Recommendations on Fecal Immunochemical Testing to Screen for Colorectal Neoplasia: A Consensus Statement by the US Multi-Society Task Force on Colorectal Cancer The use of the fecal occult blood test (FOBT) for colorectal cancer (CRC) screening is supported by randomized trials demonstrating effectiveness in cancer prevention and widely recommended by guidelines for this purpose. The fecal immunochemical test (FIT), as a direct measure of human hemoglobin in stool has a number of advantages (...) relative to conventional FOBT and is increasingly used relative to that test. This review summarizes current evidence for FIT in colorectal neoplasia detection and the comparative effectiveness of FIT relative to other commonly used CRC screening modalities. Based on evidence, guidance statements on FIT application were developed and quality metrics for program implementation proposed.Copyright © 2017 AGA Institute, American College of Gastroenterology, and the American Society for Gastrointestinal

2017 EvidenceUpdates

34. Predictors of primary care provider adoption of CT colonography for colorectal cancer screening Full Text available with Trip Pro

Predictors of primary care provider adoption of CT colonography for colorectal cancer screening To examine factors influencing primary care provider (PCP) adoption of CT colonography (CTC) for colorectal cancer (CRC) screening.We performed a retrospective cohort study linking electronic health record (EHR) data with PCP survey data. Patients were eligible for inclusion if they were not up-to-date with CRC screening and if they had CTC insurance coverage in the year prior to survey (...) administration. PCPs were included if they had at least one eligible patient in their panel and completed the survey (final sample N = 95 PCPs; N = 6245 patients). Survey data included perceptions of CRC screening by any method, as well as CTC specifically. Multivariate logistic regression estimated odds ratios and 95% confidence intervals for PCP and clinic predictors of CRC screening by any method and screening with CTC.Substantial variation in CTC use was seen among PCPs and clinics (range 0-16% of CRC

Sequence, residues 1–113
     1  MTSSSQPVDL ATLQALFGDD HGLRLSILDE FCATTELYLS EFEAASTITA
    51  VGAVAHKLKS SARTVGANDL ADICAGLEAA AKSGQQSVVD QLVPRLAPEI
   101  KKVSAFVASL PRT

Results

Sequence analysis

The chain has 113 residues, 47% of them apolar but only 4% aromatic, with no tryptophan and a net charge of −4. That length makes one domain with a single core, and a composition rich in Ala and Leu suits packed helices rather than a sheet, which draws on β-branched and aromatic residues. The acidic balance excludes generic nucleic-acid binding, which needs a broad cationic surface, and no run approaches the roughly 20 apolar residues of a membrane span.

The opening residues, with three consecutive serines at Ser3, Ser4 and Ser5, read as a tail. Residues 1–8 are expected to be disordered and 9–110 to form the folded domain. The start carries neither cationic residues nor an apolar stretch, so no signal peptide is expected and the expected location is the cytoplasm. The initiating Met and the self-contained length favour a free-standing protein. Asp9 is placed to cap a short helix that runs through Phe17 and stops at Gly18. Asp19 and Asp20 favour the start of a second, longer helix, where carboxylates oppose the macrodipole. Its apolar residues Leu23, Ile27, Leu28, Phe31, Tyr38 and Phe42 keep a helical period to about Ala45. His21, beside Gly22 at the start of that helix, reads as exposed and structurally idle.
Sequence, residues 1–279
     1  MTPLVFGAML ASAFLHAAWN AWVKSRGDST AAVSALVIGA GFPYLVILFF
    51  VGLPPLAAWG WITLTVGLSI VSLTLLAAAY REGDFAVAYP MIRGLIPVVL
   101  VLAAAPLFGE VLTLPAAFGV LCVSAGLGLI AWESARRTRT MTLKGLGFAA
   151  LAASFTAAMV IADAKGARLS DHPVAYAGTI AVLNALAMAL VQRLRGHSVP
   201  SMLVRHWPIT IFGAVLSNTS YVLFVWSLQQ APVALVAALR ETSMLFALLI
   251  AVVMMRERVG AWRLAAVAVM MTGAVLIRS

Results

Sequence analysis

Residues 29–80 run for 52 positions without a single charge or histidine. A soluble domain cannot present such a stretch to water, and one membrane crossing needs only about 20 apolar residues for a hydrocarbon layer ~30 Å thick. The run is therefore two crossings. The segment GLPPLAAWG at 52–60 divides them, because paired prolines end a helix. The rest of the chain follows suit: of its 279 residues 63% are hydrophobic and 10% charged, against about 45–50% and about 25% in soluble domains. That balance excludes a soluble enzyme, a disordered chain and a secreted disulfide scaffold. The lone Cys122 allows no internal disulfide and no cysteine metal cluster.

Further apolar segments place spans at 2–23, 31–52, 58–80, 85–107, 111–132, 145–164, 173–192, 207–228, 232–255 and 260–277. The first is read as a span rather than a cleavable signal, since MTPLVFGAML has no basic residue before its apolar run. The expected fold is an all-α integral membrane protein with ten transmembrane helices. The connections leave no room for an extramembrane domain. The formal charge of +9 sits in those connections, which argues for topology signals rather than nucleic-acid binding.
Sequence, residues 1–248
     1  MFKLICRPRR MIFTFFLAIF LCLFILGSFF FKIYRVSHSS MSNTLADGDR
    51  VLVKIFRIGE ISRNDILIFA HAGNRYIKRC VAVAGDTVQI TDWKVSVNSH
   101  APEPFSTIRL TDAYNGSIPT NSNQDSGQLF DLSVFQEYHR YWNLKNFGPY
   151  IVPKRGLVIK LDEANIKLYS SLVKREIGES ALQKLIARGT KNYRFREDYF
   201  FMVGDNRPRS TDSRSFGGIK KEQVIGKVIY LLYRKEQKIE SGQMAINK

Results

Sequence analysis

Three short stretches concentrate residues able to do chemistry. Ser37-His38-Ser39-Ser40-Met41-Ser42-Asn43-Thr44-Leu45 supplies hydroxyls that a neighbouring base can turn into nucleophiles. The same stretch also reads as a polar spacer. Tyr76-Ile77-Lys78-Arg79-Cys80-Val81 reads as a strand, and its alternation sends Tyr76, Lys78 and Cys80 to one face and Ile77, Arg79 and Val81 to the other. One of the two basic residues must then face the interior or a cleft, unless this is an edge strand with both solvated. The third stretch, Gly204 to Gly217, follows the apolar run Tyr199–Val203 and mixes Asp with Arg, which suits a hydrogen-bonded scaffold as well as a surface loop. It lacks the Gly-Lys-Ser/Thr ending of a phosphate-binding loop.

2017 Abdominal radiology (New York)

35. The necessity of colorectal cancer screening for elderly patients Full Text available with Trip Pro

The necessity of colorectal cancer screening for elderly patients 28447054 2018 11 13 2415-1289 2 2017 Translational gastroenterology and hepatology Transl Gastroenterol Hepatol The necessity of colorectal cancer screening for elderly patients. 19 10.21037/tgh.2017.03.03 Kudo Shin-Ei SE Digestive Disease Center, Showa University Northern Yokohama Hospital, Yokohama, Japan. Kudo Toyoki T Digestive Disease Center, Showa University Northern Yokohama Hospital, Yokohama, Japan. eng Editorial Comment

2017 Translational gastroenterology and hepatology

36. What is the optimal colorectal cancer screening program for an average-risk population? Full Text available with Trip Pro